Every week I go to Marcus and Flower Mound High School to see our students at their school lunches. Almost every week I talk to a guy or girl who is upset or frustrated at their boyfriend or girlfriend. The story that I am told is different almost every time, but the source by which this story has developed is almost always the same.
The Village Blog
I just started reading a book by Jim Collins (author of "Good to Great") titled, "How the Mighty Fall." Collins unveils several years' worth of research on why great companies collapse. These are companies like Zenith, Circuit City, Bank of America, Merck, IBM, etc.
Two members approached me afterward and expressed their understanding that the gentleman had asked if it was possible to desire salvation and yet never be saved because one was not elect. In other words, does the doctrine of election imply that men, women and children who genuinely desire salvation and repentance, but who were not elect, are without hope?
"When we think about the last things we must never allow our minds to be diverted from this principle, that the last things, like the first things, are the things of Jesus Christ." —Sinclair Ferguson, "The Last Things," Ligonier Leadership Conference. Eschatology is the study of the end times, also known as the "Doctrine of the Last Things."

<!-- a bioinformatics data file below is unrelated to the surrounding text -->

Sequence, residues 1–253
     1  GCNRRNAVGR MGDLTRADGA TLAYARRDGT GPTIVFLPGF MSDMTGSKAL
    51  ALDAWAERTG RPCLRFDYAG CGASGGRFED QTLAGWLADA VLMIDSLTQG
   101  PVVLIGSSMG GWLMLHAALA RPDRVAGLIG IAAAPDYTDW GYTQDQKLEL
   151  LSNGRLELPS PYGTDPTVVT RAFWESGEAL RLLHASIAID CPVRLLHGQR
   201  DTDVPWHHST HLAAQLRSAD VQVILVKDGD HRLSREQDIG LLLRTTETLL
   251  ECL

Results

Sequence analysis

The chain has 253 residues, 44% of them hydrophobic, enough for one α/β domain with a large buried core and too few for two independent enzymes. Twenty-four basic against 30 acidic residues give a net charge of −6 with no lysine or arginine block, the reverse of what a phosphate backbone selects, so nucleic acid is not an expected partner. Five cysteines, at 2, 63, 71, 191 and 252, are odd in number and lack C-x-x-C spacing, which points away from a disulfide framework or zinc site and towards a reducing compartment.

At The Village we are passionate about truth. We talk about it, preach about it, sing about it and attempt, through the Spirit, to live it out. Ultimately we define truth as a person, the God-man, Jesus Christ who said in John 14 verse 6, "I am the way, and the truth and the life. No one comes to the Father except through me."
I spent the last two weeks away from work and one of those weeks in Jamaica on vacation. I had no agenda and not a lot of responsibility. I didn't have e-mails to return, no pressure to return calls or make meetings. My most pressing decision was which book to read. It really was a great couple of weeks.
Jonathan Edwards: "And the duty of singing praises to God seems to be appointed wholly to excite and express religious affections. No other reason can be assigned why we should express ourselves to God in verse rather than in prose, and do it with music, but only that such is our nature and frame that these things have a tendency to move our affections."
I've been thinking a lot about how well I receive advice, ideas or correction. When approached by a member of our church or cornered by an enthusiastic musician who has ideas about how I could do things differently ("better" may be a more appropriate word here), or even caught up in the inevitable "difficult talk" my wife and I inevitably have (the double "inevitable" is for you single guys), ...